Title: "The Sisterhood of Salaam Shalom: The United Response of Muslim and Jewish Women to 'Moral Shocks'"
Committee: Wendy Cadge, Jon Levisohn, and Sarah Shostak
Short Abstract: This thesis builds upon previous literature on interfaith dialogue in addition to social movement literature on mobilization processes, emotions, and collective identities to address the following research question: What motivates women to become involved in the Sisterhood, how did they become involved, and how does this mobilization process vary based on one’s role in the Sisterhood?
Lessons Learned: I am grateful for the project management and critical thinking skills that I honed during my thesis work.
Title: "'Opportunity or Adversity?': Chinese International Students and Activism in China"
Committee: Chandler Rosenberger, Gordie Fellman, Gowri Vijayakumar
Short Abstract: This study explores different factors that influence Chinese international students’ decisions to participate or not participate in activism in China. Through twelve interviews with Chinese international students of diverse backgrounds, this study finds that there are three factors to understand why this group of students do not participate in activism in China - political intimidation, Chinese culture, and the differences between Chinese and American outlook towards activism.
Lessons Learned: My advice would be to start early; don't feel shy about frequently meeting with your advisors and utilize this opportunity to hone your literature review skills.
Title: "Clergy In Action: Religious Leaders in Response to Social Crises"
Committee: Wendy Cadge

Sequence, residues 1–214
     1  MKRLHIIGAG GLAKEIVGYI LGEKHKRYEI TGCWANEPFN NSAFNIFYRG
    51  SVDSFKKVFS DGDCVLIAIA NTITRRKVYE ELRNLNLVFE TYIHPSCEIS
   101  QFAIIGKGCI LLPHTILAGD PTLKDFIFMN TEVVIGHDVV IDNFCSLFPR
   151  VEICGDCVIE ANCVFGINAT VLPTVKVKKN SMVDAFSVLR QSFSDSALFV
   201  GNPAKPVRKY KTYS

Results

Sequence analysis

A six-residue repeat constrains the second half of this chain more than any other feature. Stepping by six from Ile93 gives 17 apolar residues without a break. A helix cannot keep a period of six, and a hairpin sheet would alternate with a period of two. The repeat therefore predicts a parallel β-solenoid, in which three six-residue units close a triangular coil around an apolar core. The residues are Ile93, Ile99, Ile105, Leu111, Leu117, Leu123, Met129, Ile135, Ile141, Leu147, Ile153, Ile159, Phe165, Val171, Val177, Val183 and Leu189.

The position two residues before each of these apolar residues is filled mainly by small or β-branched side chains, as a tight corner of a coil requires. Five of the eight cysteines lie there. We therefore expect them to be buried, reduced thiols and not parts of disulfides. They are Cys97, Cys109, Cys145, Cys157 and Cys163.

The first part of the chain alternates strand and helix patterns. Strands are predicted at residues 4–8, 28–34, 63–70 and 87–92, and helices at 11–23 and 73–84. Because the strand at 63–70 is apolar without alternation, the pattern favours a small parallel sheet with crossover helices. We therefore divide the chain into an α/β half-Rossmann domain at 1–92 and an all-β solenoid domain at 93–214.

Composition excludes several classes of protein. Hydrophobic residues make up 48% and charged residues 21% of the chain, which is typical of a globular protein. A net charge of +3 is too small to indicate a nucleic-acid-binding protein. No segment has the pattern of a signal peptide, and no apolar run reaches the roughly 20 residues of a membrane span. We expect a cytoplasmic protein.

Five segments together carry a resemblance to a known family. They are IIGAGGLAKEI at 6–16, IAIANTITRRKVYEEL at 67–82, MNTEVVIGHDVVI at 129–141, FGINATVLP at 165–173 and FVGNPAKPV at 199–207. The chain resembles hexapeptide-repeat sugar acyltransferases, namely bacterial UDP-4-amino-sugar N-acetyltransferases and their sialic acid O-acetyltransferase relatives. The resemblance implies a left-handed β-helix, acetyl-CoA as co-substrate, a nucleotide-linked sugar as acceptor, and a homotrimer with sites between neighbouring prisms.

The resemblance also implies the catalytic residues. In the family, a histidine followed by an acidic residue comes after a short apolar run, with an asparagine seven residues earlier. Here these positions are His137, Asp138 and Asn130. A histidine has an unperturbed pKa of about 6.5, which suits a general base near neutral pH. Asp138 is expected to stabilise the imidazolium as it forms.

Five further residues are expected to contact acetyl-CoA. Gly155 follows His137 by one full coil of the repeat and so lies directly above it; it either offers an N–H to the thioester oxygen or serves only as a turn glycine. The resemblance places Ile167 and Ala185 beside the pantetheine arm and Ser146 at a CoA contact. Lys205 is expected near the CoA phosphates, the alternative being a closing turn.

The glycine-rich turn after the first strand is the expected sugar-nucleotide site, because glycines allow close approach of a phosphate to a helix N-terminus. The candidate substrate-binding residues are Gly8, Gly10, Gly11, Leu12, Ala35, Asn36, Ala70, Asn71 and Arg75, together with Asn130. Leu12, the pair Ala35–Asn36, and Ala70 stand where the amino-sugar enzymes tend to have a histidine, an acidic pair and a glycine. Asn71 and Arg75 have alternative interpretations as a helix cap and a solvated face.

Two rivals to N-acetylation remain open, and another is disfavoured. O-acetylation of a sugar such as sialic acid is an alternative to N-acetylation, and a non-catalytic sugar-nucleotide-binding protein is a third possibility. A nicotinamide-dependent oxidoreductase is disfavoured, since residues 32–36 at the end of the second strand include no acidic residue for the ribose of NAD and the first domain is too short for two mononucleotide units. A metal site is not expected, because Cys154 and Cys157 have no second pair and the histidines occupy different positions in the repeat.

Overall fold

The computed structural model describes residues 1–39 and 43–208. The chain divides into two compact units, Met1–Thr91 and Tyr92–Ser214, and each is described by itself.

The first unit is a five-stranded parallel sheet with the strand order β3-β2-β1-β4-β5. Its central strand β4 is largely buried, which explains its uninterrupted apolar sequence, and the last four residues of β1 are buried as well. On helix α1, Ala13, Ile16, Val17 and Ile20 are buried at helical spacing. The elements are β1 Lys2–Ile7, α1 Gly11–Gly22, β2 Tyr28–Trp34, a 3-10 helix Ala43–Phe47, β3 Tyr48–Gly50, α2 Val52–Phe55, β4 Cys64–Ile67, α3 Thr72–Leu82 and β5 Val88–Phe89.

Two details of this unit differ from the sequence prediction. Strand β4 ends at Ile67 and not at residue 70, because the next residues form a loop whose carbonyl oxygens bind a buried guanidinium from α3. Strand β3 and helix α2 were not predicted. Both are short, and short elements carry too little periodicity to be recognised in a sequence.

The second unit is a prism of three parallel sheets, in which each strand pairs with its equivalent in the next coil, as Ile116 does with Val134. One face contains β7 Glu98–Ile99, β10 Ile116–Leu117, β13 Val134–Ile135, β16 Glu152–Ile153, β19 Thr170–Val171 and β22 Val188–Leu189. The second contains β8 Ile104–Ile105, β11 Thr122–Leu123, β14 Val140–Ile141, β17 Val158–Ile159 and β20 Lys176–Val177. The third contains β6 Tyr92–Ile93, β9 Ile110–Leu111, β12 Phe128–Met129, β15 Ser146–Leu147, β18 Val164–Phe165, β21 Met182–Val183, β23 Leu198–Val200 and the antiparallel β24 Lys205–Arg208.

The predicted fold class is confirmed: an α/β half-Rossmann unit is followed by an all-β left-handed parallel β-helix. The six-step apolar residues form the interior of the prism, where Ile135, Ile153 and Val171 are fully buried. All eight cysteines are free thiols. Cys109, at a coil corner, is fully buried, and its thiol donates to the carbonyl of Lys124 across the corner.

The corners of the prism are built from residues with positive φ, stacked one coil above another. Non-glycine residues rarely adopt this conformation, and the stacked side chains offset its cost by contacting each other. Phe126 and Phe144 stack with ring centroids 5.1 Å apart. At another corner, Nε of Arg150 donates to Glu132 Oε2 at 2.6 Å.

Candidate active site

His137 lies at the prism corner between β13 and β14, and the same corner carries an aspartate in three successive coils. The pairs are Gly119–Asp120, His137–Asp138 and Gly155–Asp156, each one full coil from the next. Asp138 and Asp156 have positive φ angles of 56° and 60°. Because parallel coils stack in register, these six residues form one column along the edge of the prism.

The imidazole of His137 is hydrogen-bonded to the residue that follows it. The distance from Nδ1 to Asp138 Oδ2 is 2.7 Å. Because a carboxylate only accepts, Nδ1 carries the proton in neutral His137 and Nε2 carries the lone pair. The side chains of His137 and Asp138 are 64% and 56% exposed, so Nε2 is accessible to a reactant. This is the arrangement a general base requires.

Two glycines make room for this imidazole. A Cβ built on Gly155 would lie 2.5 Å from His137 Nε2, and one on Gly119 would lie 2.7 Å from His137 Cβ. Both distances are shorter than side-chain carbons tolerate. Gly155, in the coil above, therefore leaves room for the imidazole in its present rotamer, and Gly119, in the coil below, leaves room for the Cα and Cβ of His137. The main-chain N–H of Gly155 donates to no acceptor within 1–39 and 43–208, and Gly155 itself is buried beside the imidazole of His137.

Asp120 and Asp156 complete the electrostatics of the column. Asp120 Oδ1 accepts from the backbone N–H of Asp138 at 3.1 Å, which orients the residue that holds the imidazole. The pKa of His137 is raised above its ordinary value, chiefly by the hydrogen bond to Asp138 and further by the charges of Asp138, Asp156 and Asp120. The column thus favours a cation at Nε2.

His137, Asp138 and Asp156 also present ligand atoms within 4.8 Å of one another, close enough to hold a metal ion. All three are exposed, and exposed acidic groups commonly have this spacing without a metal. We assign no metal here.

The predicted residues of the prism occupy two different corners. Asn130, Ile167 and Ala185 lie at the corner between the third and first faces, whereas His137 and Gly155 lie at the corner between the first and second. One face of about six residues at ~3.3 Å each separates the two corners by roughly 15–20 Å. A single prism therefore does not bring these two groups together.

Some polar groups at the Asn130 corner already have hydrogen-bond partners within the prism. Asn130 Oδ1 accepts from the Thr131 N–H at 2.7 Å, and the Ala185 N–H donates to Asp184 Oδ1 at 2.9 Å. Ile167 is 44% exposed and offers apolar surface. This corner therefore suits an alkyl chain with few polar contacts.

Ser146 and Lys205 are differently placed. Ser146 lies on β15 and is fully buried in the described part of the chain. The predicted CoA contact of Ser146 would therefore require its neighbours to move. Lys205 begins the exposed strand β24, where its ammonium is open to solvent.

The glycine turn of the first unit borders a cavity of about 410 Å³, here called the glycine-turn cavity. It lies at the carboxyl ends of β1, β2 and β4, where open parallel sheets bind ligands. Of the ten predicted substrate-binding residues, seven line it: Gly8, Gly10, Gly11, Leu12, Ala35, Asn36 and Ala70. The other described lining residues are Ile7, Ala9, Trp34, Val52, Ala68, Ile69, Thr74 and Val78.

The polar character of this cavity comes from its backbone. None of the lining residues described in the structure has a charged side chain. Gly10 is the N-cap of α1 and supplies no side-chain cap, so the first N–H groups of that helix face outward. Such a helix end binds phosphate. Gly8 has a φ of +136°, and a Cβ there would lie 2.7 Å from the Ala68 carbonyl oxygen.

Short Abstract: This thesis builds upon previous literature on religious social movements, clergy’s congregational and community roles, and the intersection between religion, politics, and sociology to address the following research question: How have clergy who identify as politically progressive responded to political and social events following President Donald Trump’s election? This qualitative study examines 13 politically progressive Jewish, Protestant, and Unitarian Universalist clergy in Boston and their action in issues of immigration and speech.
Lessons Learned: While the research skills I learned through my thesis writing process were essential to my developing critical thinking and future career as I apply to doctoral programs, I am most grateful for the confidence I learned in my own voice and power as a sociological thinker.
Title: "University interventions in sexual misconduct and intimate partner violence"
Committee: Karen Hansen
Short Abstract: This work examines Brandeis’ Title IX process to help explain the vast discrepancies between reporting rates and the actual prevalence of sexual misconduct on campus. The dichotomy between university policies and students’ distrust of a system designed to protect them left an important system gravely underutilized. Using qualitative research methods, this work seeks to understand what in Brandeis' Title IX system dissuades students from using it.
Lessons Learned: My research taught me to break down complicated systems for study and to continue working on my writing; skills I expect to use throughout my legal career.
Title: "How the conservatory paradigm impacts mental health?"
Committee: Mike Strand
Short Abstract: This study proposes that there are aspects of conservatories that contribute to mental distress, but that there is not enough research to conclude that conservatories cause higher levels of mental distress when compared to a traditional school setting. It finds that even if the data is still inconclusive on whether conservatories cause higher levels of mental health issues than a more traditional university, there are still many mechanisms found in this specific conservatory of study that do impact mental health.
Lessons Learned: My thesis provided me with a small glimpse into what it takes to write a research paper, and ultimately impacted my research focus in graduate school.